The determination of defamatory meaning in a digital era

Published on
6 min read

“Tried to strangle me…” Is this Facebook post defamatory? Reputation is everything. In our digital world it can be shattered in seconds, by fewer than 120 characters and by a solitary social media post.

In a controversial and factually sensitive case, the courts recently analysed the defamatory meaning of the words “[he] tried to strangle me” posted about Mr Ronald Stocker by his former wife, Nicola Stocker, using her Facebook account. Mrs Stocker posted about her former husband’s violent actions, but then faced a defamation claim brought by that former husband who alleged that her posting falsely suggested he had tried to kill her.

The battle was lengthy, protracted, and culminated in the recent Supreme Court judgment in  Stocker v Stocker. Consequently, we now have guidance from the highest court of a new sub-category of the social media “reasonable reader” and have clarity on how the meanings such readers reach should be determined.

In this day and age, we are connected by social media and our statements have an international reach to millions. By making statements online using everyday social media accounts, one can quite easily become embroiled in litigation regarding reputational harm. Stocker provides welcome guidance in a social media context and it appears that the courts have taken a forward thinking approach to reach what is largely reported as a “common sense” decision.

Defamation

The Oxford English Dictionary defines “defamation” as follows:

Law: The action, offence, or charge of damaging the reputation of a person or organization by making or disseminating false or unprovable statements; libel or slander”.

Jumping ahead (and a spoiler alert) when considering if a statement has a potential defamatory meaning, Stocker provides clear authority that dictionaries are not a safe sole point of reference.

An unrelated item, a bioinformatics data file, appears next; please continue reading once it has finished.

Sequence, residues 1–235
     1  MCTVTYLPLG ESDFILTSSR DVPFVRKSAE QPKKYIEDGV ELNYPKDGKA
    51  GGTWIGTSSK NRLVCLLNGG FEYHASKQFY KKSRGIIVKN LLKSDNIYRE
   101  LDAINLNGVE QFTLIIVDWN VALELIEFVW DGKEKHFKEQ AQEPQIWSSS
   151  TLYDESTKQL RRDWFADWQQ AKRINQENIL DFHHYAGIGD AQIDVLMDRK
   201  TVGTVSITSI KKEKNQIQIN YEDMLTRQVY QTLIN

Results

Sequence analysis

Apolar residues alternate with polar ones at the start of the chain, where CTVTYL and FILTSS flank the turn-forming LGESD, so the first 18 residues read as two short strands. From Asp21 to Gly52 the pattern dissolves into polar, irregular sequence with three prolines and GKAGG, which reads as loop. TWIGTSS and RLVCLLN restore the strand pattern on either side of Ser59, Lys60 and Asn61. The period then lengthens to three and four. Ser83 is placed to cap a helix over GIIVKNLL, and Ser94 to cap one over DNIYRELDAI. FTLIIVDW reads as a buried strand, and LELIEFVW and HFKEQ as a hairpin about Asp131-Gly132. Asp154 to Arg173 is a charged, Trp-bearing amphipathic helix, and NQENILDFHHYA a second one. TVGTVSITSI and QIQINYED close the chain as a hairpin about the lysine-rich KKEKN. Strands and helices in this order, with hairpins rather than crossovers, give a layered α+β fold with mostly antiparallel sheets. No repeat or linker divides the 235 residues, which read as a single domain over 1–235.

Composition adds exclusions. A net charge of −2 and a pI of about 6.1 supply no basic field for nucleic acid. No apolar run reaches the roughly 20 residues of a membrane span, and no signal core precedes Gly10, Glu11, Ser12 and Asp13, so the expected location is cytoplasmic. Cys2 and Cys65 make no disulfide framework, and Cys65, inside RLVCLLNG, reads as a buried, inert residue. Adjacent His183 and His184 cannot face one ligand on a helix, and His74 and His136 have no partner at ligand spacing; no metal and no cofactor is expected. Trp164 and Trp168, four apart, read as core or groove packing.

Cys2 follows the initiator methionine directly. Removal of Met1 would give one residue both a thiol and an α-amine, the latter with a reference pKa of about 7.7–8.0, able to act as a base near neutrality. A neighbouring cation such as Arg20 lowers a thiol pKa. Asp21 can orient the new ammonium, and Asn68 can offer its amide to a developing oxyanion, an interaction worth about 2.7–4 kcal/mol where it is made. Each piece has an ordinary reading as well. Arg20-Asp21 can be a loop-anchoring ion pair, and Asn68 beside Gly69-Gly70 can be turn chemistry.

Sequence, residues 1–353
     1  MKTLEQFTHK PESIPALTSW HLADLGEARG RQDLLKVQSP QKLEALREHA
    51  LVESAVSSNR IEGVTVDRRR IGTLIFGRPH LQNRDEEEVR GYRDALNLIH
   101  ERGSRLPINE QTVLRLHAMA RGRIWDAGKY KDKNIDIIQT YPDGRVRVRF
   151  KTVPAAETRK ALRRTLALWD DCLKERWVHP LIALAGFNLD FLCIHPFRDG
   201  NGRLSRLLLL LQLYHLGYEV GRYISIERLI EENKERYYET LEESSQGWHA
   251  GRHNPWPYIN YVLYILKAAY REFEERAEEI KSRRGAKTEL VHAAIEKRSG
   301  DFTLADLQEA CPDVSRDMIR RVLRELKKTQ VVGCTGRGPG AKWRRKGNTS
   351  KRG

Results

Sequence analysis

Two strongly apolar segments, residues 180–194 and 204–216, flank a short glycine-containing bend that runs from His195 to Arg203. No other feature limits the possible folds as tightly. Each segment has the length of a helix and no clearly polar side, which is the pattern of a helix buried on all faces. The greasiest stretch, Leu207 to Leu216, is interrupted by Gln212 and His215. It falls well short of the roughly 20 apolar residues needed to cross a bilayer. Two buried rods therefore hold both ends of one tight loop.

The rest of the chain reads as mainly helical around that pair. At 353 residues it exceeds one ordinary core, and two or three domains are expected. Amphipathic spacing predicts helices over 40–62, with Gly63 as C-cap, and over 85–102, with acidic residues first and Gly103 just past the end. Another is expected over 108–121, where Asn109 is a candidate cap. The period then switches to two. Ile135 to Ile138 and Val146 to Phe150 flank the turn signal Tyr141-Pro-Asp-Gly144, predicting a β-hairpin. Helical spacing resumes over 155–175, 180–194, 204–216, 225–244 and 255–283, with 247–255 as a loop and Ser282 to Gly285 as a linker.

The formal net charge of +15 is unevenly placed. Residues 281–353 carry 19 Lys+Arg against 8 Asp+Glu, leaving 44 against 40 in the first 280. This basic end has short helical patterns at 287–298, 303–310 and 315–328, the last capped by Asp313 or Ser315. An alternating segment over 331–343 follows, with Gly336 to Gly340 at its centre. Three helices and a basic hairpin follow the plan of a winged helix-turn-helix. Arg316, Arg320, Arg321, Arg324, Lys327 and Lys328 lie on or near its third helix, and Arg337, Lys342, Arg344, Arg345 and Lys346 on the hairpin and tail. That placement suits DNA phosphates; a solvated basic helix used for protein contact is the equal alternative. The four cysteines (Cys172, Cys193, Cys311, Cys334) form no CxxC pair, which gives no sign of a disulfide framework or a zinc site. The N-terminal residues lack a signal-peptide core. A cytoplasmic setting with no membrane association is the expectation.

Before turning to the facts of Stocker, generally, for a statement (published online or otherwise) to be considered defamatory it must be untrue, must lower the reputation of the claimant and be capable of causing serious harm, or serious financial loss to a body that trades for profit.

A statement is not defamatory unless its publication has caused or is likely to cause serious harm to the reputation of the claimant (Section 1(1) Defamation Act 2013)

A defendant may seek defend a social media post and rely upon lines of defence such as truth, honest opinion, privilege, or publication on a matter public interest.

However, at the heart of any defamation dispute is the meaning of the defamatory statement complained of. Put simply, what does the statement actually mean to the reader? What meaning does it convey?

Not always an easy question to answer, and often, the parties do not agree on the potential defamatory meaning, with claimant and defendant submitting their own version of defamatory meanings. In my experience, parties often put forward meanings that are poles apart.

It is therefore the court’s job to objectively determine a “single right meaning”. To save costs and court time, where there is a clear dispute on meaning, these determinations should now be dealt with as a preliminary issue.

Stocker v Stocker

Mrs Stocker published a Facebook post in which she alleged that Mr Stocker, had “tried to strangle me”.  Mr Stocker sued for defamation, alleging that Mrs Stocker’s words would be understood to mean that he had tried to kill Mrs Stocker by strangulation (which, Mr Stocker said, was untrue and defamatory).

Mrs Stocker submitted that her words had a lower meaning, that Mr Stocker had violently grasped her by the neck and inhibited her breathing putting her in fear of being killed (which was true, and therefore completely defensible).

The parties clearly disputed the meaning of the post. The case therefore critically turned on the “single right meaning” and what the reasonable reader would have understood Mrs Stocker’s words to mean.